Thursday, December 20, 2007

Friday, December 14, 2007


By: Peter Richman

“Taking understanding into action is dependent upon seeing that we are profoundly interconnected with the world. The notion of ‘I’ is emancipated. It becomes ‘we,’ integrated into a networked society in which we see ourselves in relation to ‘the other,’ a part of the world rather than a consumer of it.” – Anne Douglas and Chris Fremantle (1)

“Wow, I haven’t used my brain in such a long time,” Danielle, who works at a large insurance company, realized aloud. Twirling her pencil, she announced in a part-joking, part-earnest, part-urgently-serious voice, “Thanks you guys for making me use my brain again!” After a collective round of nervous laughter, Rashida looked up from writing in her notebook and said, “I wasn’t gonna come tonight – I’ve got a million things to do at home, but I told myself I had to come and be here for myself. This is important and my work can wait.”

The Project
Collective Imprints is a work of conceptual art, a sociological experiment, a social gathering, a healing process. It’s a public intervention and an intervention by the public, both a highlighter and a mitigator of difference. What I mean to say by this is that the complexity of the project resists a simple definition, or, more pointedly, that I myself am still struggling to figure out what, exactly, Collective Imprints is.

The brainchild of community artist Michael Schwartz in conjunction with West Philadelphia arts space The Rotunda (2) , Collective Imprints is a ten-week, community-based, participatory visual arts collaboration. The ultimate goal – but not the ultimate purpose – of the project is to create two 4’ x 40’ murals on masonite panels to be installed in front of the venue’s two overhanging balconies.

According to the invitation to participate, offered as an open call to all of Philadelphia, the project aims “to bring together diverse groups and individuals who make The Rotunda the vital venue that it is. In doing so, we will discuss The Rotunda’s mission statement,” which reads:

“Fueled by the belief that art is a catalyst for social change and that the arts can lead to the formation of meaningful partnerships between the University of Pennsylvania and its surrounding community, The Rotunda is a community gathering place for the promotion of arts and culture.”

What distinguishes Collective Imprints from most murals – a distinction especially relevant in Philadelphia, the mural capital of the world – is that it is not a paint-by-numbers project. Rather, all ideas are generated and converted into visual artwork by the participants. “We want people to broadcast here,” said Executive Director of The Rotunda Gina Renzi. “We want to know what they think of this city, what it needs, what their street sounds like on a Saturday night, and what The Rotunda’s commitment to community-based programming means to them.”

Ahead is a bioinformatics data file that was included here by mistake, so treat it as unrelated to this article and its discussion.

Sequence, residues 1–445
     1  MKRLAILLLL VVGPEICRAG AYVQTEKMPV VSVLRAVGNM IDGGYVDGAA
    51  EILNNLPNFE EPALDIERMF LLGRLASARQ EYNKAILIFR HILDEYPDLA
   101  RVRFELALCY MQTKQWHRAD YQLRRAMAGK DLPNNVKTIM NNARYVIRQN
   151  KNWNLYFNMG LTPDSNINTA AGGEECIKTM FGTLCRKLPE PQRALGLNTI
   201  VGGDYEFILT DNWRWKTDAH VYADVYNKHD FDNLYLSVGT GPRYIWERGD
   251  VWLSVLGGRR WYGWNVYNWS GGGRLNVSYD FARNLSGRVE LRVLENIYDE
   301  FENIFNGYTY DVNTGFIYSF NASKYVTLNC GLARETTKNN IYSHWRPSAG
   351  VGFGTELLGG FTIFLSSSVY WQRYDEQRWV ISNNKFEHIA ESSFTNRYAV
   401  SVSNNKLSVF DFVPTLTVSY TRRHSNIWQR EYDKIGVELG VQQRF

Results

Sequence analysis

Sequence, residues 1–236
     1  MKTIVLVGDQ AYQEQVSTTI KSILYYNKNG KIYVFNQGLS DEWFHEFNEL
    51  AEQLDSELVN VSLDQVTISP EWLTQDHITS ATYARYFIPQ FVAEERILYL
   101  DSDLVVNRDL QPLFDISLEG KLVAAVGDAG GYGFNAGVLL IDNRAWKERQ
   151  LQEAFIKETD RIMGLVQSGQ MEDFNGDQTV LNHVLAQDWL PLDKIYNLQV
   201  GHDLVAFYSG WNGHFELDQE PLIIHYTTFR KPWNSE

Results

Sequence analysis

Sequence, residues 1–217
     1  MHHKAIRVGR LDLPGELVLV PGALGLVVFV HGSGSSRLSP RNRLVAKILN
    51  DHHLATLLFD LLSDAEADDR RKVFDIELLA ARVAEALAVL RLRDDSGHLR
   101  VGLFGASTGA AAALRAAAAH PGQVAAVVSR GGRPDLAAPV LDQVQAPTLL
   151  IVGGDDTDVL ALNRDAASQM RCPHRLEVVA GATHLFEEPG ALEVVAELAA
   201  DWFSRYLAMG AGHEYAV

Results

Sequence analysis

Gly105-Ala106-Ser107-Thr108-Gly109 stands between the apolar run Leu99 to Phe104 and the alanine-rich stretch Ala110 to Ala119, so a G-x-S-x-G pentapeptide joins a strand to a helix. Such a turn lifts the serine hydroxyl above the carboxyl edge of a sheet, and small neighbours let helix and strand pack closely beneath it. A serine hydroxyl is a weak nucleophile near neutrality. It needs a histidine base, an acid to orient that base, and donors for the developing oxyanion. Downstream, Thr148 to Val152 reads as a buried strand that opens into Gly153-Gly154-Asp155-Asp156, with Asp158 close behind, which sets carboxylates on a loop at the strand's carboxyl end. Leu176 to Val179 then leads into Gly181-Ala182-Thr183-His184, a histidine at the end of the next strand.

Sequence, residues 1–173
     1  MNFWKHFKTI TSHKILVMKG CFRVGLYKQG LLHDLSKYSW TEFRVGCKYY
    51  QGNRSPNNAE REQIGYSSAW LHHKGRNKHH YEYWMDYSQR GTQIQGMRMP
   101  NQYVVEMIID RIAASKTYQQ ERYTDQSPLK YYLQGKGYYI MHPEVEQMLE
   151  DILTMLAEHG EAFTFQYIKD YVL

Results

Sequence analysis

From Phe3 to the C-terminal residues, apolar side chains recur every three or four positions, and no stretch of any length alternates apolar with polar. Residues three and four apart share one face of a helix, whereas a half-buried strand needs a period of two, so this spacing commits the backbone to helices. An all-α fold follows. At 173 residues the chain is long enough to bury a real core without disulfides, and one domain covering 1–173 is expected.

A Critical Approach
Community artists are often considered artist-activists, artists who use their craft as a tool to promote a certain kind of social change. This approach regards their art as purposive – hinging on and limited by its political concerns – and thus unavoidably suppressed, albeit in the name of reform. Rather than viewing arts-activism as merely diluted art, however, I argue that the artist-activist should instead be seen as a synthesizer – an artist and an activist – for although the two roles are inextricably linked, they are nevertheless two distinct, discrete roles.

To properly mark this distinction, community art demands critical assessment from two different angles: (1) that which focuses on the participants, the art they create, how they create it, and the effects the project has on the communities involved, and (2) that which focuses on the artist facilitator as navigator and captain, coordinating individuals (of their own free, and generally eager, will) into a grand artwork of an eerily divine scope and stature. The first approach is more apparent, more discussed, and, unfortunately, more often a reason for community art’s silent dismissal from the higher ranks of the art world. What many fail to see, however (the view through the second lens) is the artist facilitator as an artist crafting his medium – human beings. Community artists are sociologists, certainly, but they also extend beyond the reaches of sociology, for their work is an actively engaged, real-time, non-analytical, non-repeatable practice. Community arts, then, can be seen as a humanist extension of process art, for in their work, the facilitator’s people and management skills are his or her artistic skills, the very happening of the project the piece itself.